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Biography - LEWIS B. PULLEY

The scope of a man's usefulness is to be determined by his own metewand; his success in connection with the practical duties and responsibilities of life is determined by his intrinsic powers and the application of the same. Popular appreciation of the value of a man’s labors is given with no equivocal verdict. The pertinence of these statements is clearly shown in the career of Lewis B. Pulley, who is one of the well known and highly esteemed citizens of his native county and whose hold upon popular confidence and esteem in the same is evidenced by the fact that he is the only county official of Williamson county who has to his credit and distinction three successive elections to office. He is circuit clerk of Williamson county and is now nearing the close of his third term in this important position, his administration of the affairs of which has been marked by carefulness, fidelity and distinctive executive ability.

Mr. Pulley was born on a farm in East Marion township formerly Crab Orchard precinct, Williamson county, Illinois, seven miles east of Marion, the judicial center of the county, and the date of his nativity was September 8, 1856. He is a son of Washington and Eliza (Owen) Pulley, the former of whom was born in Lunenburg county, Virginia, in 1818, and the latter of whom was born in the state of Tennessee. Washington Pulley was a son of William Pulley, who came from the Old Dominion state in an early day and numbered himself among the pioneer settlers of Williamson county, Illinois, where he secured a tract of government land and reclaimed a farm. Here both he and his wife passed the remainder of their lives and their names merit enduring place on the roster of the sterling pioneers of this section of the state. William Pulley died several years prior to the inception of the Civil war, and the remains of both him and his wife were laid to rest near their old home in East Marion township.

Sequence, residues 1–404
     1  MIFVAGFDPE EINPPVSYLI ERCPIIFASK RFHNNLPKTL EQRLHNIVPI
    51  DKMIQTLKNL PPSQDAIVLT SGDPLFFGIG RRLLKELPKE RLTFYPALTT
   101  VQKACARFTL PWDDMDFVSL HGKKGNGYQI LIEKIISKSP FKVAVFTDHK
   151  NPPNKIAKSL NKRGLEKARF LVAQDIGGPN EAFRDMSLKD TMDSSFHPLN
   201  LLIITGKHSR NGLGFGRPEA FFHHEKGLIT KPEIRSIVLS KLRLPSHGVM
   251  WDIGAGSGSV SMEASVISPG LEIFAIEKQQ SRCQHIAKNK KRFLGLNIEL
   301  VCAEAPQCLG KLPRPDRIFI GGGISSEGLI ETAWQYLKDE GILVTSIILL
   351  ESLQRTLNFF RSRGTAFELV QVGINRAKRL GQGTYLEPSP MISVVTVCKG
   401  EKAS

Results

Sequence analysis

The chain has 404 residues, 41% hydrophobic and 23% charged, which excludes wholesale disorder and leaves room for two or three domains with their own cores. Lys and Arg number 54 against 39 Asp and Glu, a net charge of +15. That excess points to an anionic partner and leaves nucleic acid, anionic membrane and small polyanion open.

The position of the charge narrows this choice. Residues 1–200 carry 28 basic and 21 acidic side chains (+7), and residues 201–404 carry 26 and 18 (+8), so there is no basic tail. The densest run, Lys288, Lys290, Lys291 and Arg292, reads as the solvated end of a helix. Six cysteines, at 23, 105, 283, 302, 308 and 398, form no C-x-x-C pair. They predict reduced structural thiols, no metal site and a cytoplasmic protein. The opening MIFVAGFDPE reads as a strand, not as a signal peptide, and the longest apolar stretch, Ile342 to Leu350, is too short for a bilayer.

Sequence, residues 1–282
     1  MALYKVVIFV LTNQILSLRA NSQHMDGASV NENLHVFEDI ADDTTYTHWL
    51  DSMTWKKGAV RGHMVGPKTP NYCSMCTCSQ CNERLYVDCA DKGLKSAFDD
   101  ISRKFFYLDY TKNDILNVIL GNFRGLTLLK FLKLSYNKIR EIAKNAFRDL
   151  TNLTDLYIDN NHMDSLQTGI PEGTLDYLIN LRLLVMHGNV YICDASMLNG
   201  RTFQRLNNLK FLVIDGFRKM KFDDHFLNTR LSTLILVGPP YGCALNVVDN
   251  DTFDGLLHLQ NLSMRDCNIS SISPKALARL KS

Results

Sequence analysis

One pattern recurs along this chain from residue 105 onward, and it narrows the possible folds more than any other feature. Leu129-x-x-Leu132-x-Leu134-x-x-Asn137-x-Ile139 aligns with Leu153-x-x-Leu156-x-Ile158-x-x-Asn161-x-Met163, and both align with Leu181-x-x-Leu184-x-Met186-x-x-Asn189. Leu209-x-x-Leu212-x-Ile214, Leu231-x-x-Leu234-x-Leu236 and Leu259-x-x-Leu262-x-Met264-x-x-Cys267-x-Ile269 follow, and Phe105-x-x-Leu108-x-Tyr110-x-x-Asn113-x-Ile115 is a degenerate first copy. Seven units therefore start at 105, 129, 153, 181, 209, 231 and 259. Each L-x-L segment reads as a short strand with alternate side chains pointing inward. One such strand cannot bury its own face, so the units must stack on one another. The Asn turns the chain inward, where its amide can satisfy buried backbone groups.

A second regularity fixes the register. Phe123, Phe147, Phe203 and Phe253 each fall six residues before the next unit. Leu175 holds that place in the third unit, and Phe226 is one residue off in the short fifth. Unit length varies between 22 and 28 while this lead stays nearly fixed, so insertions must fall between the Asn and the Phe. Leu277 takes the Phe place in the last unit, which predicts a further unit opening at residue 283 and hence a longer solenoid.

Washington Pulley was a child at the time of the family removal from Virginia to Illinois and was reared to manhood in Williamson county, where he had his full quota of experience in connection with the trials and hardships of the pioneer epoch. His educational advantages were necessarily limited, owing to the exigencies of time and place, but he became a man of strong character and well extended mental ken. He secured from the public domain a tract of land and with the passing of years succeeded in bringing his farm, which was not a large one, into such productiveness as to yield adequate returns and provide for the wants of himself and his family, the old homestead farm being now owned by his son Lewis B., whose name initiates this review. His sterling attributes of character ever commanded to him the high regard of his fellow men and he was one of the well known and popular citizens of East Marion township until his death, which occurred in the year 1880. In politics he was originally a Whig, but upon the organization of the Republican party he allied himself therewith. He was a great admirer and strong supporter of President Lincoln, and though it was not permitted him to serve as a soldier in the Civil war he did all in his power to further the cause of the Union during that climacteric period of the nation's history. Both he and his wife were devout and consistent members of the Christian church. The devoted wife and mother survived her husband by nearly a quarter of a century and was summoned to eternal rest in 1904, at the venerable age of eighty-two years. Her father, William Owen, came from Tennessee to Illinois in an early day and settled in Williamson county, which continued to be his home until his death.

Washington and Eliza (Owen) Pulley became the parents of eight children, concerning whom the following brief data are given as a consistent portion of this sketch: Mary is the wife of William L. Hern, of Carbondale, this state; John T. died in Williamson county, leaving a family; Eliza is the wife of Thomas Davis, of Marion, Williamson county, where J. M., the next in order of birth, also resides; Amanda is the wife of James Hearn, of Marion; Lewis B. is the immediate subject of this review; Miss Susan likewise maintains her home in Marion; and Eldridge S. is a prosperous farmer near the old homestead.